A collection of cybersecurity companies, Google, and the Feds are sharing details on how they uncovered and dismantled a massive ad-fraud operation known as "3ve" (pronounced "Eve".)
Google says that at its peak, the 3ve scam employed as many as 1.7 million hijacked devices to generate fake clicks on adverts, and made its operators heavy payouts from duped advertising networks. The 3ve's operators created massive networks of fake websites that would take bids from ad networks, and then send the infected machines to the sites in order to collect ad revenues.
"3ve operated on a massive scale: at its peak, it controlled over one million IPs from both residential botnet infections and corporate IP spaces, primarily in North America and Europe (for comparison, this is more than the number of broadband subscriptions in Ireland)," Google said in its summary of the operation this week.
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"It featured several unique sub-operations, each of which constituted a sophisticated ad fraud scheme in its own right. Shortly after we began to identify the massive infrastructure (comprised of thousands of servers across many data centers) used to host 3ve’s operation, we found similar activity happening within a network of malware-infected residential computers."
Google says that the 3ve network actually started as a small botnet operation, which was first detected back in 2016. Over the next year the scam would grow far larger and its operators began using a number of complex evasion techniques to avoid detection by click-fraud systems. The operators used a pair of malware packages – Windows-targeting Boaxxe and Kovter – to infect victims' PCs.
Boaxxe, aka Miuref, and Kovter were spread by booby-trapped email attachments and drive-by-downloads, effectively tricking people into installing them. BGP hijacking was also used in the caper to ultimately control, in just one 10-day sample, 1.7 million IP addresses, which were used to fire off what looked like legit ad requests and clicks.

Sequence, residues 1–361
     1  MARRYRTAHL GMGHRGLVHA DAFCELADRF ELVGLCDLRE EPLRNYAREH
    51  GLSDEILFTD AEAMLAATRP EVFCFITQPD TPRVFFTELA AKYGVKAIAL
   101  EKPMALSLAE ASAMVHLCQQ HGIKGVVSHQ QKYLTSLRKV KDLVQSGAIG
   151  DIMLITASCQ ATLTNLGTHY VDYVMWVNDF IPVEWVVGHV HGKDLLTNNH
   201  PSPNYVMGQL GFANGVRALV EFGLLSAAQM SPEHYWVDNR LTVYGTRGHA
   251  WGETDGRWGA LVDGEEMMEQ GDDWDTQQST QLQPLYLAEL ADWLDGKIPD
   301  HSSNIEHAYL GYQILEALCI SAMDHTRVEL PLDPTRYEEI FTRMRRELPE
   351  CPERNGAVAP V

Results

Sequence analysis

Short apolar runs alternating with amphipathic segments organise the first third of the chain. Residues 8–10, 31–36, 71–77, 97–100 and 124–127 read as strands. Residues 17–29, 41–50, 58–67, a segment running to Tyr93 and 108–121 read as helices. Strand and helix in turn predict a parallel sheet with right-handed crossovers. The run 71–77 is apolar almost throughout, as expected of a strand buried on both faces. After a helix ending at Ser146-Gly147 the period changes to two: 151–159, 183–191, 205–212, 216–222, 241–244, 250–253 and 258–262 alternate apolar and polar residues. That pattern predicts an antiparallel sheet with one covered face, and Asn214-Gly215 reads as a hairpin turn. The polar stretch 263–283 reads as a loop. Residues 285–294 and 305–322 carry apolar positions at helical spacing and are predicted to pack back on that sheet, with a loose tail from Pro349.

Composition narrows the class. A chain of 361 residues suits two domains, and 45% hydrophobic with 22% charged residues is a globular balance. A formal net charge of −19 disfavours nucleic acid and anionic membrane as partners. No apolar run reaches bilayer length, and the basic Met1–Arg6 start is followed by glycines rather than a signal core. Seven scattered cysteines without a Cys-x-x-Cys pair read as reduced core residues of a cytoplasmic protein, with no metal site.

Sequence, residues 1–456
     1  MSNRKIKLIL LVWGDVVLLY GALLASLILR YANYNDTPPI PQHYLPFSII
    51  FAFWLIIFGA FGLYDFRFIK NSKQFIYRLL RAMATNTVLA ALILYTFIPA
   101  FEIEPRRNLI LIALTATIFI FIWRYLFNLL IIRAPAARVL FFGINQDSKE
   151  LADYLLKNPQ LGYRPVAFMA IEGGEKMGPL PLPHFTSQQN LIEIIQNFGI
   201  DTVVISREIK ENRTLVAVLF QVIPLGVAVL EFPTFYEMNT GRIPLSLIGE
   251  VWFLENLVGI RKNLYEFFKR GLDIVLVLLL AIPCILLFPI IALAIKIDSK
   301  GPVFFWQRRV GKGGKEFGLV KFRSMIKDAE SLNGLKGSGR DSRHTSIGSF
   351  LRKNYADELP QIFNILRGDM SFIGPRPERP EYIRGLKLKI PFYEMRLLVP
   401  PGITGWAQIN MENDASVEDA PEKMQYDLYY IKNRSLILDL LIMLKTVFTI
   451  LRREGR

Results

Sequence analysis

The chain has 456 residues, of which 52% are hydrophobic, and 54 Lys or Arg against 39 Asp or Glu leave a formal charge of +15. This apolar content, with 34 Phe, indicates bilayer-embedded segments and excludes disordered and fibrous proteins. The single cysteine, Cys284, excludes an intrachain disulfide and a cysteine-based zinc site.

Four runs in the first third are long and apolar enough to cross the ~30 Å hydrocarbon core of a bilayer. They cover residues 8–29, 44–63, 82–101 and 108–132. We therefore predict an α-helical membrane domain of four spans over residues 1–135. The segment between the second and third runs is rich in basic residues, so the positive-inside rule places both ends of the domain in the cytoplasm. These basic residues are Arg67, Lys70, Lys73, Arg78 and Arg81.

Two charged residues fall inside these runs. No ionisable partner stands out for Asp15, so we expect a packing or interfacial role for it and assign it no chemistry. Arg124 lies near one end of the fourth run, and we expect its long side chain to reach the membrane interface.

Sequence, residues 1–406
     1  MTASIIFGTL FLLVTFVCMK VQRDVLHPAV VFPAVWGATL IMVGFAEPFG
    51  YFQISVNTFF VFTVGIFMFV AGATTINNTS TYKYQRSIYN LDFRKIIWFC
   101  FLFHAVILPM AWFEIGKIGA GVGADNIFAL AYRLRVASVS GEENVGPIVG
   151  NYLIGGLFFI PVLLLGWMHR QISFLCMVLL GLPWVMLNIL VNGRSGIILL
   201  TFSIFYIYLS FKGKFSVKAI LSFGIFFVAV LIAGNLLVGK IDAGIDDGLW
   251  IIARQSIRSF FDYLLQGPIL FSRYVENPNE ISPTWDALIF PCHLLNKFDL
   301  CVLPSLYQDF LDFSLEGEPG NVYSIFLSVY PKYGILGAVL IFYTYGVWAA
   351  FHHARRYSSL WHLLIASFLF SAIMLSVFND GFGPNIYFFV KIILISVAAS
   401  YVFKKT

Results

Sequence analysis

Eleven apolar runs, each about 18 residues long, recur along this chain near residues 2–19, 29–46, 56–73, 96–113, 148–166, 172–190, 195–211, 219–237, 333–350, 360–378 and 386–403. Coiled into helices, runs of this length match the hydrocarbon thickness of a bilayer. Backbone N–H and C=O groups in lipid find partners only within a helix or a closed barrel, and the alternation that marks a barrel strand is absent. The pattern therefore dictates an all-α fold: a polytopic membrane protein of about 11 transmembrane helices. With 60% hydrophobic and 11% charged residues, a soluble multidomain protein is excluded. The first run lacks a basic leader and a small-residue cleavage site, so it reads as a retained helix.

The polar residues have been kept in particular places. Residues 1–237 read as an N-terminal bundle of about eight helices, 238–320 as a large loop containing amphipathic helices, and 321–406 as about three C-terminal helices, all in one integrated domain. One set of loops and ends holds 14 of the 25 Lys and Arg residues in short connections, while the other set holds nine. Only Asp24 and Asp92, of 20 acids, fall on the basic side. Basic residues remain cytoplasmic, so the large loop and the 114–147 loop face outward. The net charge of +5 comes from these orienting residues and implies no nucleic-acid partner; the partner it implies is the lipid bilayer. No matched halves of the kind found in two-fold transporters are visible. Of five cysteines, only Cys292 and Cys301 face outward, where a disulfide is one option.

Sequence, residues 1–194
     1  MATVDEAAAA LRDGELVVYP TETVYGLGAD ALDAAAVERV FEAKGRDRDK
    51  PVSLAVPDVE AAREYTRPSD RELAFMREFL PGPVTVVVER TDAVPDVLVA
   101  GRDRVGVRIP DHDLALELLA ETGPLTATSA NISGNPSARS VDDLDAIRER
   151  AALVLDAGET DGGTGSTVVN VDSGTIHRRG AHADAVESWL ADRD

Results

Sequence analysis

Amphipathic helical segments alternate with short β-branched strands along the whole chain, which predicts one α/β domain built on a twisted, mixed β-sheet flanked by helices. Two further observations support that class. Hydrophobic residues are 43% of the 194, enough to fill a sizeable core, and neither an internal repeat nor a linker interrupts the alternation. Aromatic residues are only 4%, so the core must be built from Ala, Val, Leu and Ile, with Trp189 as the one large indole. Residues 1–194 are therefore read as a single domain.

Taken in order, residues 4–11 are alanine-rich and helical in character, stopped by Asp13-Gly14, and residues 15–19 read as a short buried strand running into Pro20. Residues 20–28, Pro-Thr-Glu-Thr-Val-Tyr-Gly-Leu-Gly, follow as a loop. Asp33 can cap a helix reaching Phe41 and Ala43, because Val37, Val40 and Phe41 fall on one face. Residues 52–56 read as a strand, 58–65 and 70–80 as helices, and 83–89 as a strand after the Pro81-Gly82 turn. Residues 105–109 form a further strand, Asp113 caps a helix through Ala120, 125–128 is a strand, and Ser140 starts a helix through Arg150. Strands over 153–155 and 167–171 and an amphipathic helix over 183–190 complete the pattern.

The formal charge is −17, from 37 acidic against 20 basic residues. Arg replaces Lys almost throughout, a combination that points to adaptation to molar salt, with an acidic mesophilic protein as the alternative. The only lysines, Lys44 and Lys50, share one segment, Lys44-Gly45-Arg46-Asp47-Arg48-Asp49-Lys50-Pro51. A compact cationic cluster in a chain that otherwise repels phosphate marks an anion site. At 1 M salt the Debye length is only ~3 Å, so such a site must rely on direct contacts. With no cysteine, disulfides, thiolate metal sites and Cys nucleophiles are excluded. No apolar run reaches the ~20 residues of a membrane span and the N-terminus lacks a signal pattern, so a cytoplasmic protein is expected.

The above link goes to more technical details, including signs of infection to look out for.
Primarily, we note, the fraudsters used malicious adverts booked on PornHub to redirect netizens to booby-trapped webpages that disguised malware as legit browser and Adobe Flash updates, as previously reported.
Assembling the A Team
In 2017 Google said it called in additional help from antimalware vendors. ProofPoint and Malwarebytes were brought in to help identify the malware 3ve was using to enlist new commandeered Windows PCs into its ranks. The malware would only install on systems that weren't running security software and would only execute the ad-fraud activity if its IP address was located in a certain area with a specific ISP.
This allowed the network to evade detection and grow to a massive scale, at its peak viewing and clicking on anywhere from three to 12 billion ads per day.
"3ve’s sheer size and complexity posed a significant risk not just to individual advertisers and publishers, but to the entire advertising ecosystem," Google said.
"We had to shut the operation down for good, which called for greater, more calculated measures. To that end, it was critical that we played the long game, endeavoring to have a more permanent, more powerful impact against this and future ad fraud operations."
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To shut down the operation, Google said it formed a working group consisting of 16 organizations, including security vendors and law enforcement outfits, including the US Department of Homeland Security and the FBI's Internet Crime Complaint Center.
The takedown of the network, says Google, was swift and severe. After spending several months observing the operators, the group launching a sweeping shutdown operation that caused the network's traffic to nearly flatline over the span of 18 hours (Google wouldn't say exactly when this happened.)
Now, the Chocolate Factory says it wants to create and maintain both standards for security vendors and ad networks to guard against fraud operations and educate both advertisers and publishers about fraud.
Meanwhile, the DHS and FBI are advising anyone who thinks their systems might be infected with 3ve's malware to report the matter to the FBI's IC3 website. ®
Stop press... US prosecutors today charged Aleksandr Zhukov, Boris Timokhin, Mikhail Andreev, Denis Avdeev, Dmitry Novikov, Sergey Ovsyannikov, Aleksandr Isaev and Yevgeniy Timchenko with their alleged involvement in the 3ve racket.
We're told Ovsyannikov, 30, was cuffed last month in Malaysia, Zhukov, 38, was collared earlier this month in Bulgaria, and Timchenko, 30, was nabbed earlier this month in Estonia. They await extradition to America. The rest are at large.
They are charged with wire fraud, computer intrusion, aggravated identity theft and money laundering.